“Thanks for the last 45 years of taxes. Sorry we were too busy funding much needed wars to put any of it aside, you couldn’t just pay for your own death could you?”
Anyway I digress.
So, let’s say you have decided that the normal taboos around death and dying won’t get in the way of a moment of history being documented. Or maybe you have been asked to take photos at a funeral. How should you go about photographing a funeral?
I have had a few emails from people wanting to know how to take pictures without upsetting the more sensitive of attendees.
Obviously being a member of the family helps. If your not, then make sure people at the funeral know what you’re doing, why you are there before you pull out a camera. Then just be discreet.
Not so long ago I was asked to document the funeral of a friend of mine. Although close to the departed I hardly knew any of the people that were going to be there. Because of the time of the year the Dafodils were a theme throughout the service and the family had said that if it wasn’t for the flowers they would love the pictures to be in black and white. I don’t normally do selective colouring but as the order of service, the church, the digital projector and the grave side all featured the daffodil I figured it might work.
Regarding equipment I think a full blown 35mm digital slr is out of the question unless you are going to be loitering in the trees like the paparazzi. I have a Leica M6, a super quiet camera perfect for candid reportage, but on this occasion I chose to use a Ricoh GRD compact digital. I thought that with it’s 28mm lens and a big memory card, i could shoot from the hip so as not to draw attention to myself and keep on shooting till the memory card was full. This meant that i could get intimate with what was going on and not ruin the service or get in the way of people’s emotions. That said, the camera got in the way of my emotions and acted as a filter of sorts. It was not until I was editing the pictures at home later that night that I broke down and shed a tear for my friend. Having the camera made me an observer and not a participator.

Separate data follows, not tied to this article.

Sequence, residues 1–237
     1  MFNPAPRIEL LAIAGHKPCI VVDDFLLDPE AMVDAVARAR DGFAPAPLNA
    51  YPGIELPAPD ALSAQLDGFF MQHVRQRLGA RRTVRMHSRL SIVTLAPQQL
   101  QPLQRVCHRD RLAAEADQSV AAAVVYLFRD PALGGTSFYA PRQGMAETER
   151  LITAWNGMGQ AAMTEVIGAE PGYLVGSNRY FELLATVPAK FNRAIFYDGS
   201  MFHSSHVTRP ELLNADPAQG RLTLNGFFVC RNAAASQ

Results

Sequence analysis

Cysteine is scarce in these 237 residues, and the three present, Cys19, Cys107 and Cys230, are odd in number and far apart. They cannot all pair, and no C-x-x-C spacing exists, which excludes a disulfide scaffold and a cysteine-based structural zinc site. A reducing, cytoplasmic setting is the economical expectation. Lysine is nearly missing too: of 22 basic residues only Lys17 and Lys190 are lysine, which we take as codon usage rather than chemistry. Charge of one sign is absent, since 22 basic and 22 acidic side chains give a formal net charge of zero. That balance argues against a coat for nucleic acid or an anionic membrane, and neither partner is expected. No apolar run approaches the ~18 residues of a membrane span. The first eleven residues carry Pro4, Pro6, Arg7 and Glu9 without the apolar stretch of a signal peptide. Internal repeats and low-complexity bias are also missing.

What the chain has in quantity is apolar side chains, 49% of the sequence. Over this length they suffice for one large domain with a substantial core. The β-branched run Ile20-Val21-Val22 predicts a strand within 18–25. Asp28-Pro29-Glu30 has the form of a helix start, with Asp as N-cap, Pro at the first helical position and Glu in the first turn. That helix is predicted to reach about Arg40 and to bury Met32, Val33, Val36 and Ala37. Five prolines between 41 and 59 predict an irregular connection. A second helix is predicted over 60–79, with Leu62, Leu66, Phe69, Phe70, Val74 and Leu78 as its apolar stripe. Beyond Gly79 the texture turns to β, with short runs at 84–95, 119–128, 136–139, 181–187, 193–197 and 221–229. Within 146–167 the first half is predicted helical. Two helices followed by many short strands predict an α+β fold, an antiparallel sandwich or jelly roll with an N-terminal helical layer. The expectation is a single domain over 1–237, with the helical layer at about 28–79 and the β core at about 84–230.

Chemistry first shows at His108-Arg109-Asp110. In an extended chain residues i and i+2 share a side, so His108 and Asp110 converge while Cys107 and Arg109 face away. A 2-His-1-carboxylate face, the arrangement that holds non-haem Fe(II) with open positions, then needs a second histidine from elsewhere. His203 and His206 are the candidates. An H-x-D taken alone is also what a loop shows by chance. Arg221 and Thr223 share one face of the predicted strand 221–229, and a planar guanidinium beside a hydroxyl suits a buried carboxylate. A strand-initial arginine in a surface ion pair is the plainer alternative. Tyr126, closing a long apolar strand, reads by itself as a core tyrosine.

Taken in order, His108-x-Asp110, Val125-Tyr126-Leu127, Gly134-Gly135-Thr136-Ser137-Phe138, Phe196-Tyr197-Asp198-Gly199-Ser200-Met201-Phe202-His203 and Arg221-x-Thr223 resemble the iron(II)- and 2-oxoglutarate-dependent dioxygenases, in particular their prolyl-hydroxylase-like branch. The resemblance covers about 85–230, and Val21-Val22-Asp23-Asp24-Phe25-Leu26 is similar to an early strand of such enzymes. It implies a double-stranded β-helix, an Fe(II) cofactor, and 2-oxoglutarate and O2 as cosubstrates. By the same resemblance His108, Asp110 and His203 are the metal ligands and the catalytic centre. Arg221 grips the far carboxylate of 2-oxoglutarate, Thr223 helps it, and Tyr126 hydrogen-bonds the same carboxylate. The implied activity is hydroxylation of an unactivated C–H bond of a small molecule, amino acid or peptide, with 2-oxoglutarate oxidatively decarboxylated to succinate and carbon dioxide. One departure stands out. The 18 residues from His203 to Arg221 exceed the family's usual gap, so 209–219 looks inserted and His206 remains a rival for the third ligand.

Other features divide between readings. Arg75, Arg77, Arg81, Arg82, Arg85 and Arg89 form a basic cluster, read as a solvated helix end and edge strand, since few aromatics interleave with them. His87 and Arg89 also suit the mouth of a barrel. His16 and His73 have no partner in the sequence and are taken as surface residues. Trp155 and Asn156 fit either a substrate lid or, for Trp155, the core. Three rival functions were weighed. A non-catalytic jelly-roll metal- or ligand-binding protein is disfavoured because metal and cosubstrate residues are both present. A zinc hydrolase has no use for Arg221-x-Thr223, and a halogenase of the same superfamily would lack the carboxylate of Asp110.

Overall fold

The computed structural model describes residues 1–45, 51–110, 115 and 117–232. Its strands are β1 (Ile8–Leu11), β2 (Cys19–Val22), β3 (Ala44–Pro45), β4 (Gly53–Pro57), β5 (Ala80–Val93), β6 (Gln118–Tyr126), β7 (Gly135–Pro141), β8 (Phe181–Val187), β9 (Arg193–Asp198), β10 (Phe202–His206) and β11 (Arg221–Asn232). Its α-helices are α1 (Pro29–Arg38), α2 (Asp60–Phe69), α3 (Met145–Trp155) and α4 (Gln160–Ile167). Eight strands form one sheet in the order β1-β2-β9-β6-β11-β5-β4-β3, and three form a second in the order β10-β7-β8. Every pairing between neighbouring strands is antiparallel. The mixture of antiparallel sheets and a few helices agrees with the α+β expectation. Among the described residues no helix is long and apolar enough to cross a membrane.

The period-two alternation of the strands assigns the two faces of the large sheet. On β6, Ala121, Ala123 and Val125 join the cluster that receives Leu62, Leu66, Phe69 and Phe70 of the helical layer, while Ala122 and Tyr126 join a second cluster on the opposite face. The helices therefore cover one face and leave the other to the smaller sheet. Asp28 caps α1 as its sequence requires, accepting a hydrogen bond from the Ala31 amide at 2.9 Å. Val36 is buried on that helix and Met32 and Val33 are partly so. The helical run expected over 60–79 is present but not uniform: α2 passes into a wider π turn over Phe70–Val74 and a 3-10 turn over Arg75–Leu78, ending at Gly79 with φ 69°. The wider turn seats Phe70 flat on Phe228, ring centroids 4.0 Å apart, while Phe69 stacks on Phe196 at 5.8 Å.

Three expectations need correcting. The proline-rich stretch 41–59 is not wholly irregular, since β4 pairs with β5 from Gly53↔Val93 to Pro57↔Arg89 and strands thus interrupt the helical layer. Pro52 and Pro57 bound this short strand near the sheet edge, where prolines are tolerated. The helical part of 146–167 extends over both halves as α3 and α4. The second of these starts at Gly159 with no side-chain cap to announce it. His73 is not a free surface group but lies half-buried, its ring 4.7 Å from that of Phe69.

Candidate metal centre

The photos i took of that day are here.. www.christianpayne.com/josh
So, the funeral photography website: it’s in a partially made state and if it creates a presence and introduces the idea that documenting the passing of a life is a ‘good’ thing, all the better. If someone finds it and asks, i will take pictures. If they are happy with the images on a CD, then I won’t charge, just the costs to get there and if it is down the road then not even that.
I bought the domain shortly after covering the funeral of a minor celebrity for a local newspaper in Northamptonshire. I thought that as people’s perceptions of death and dying changed so too does our approach to documenting this often overlooked and ultimate moment in our life. Why are the only funeral photographs we see taken by the press covering the passing of royalty and the rich? What about documenting the average everyday member of the general public? Are we all not the same in death?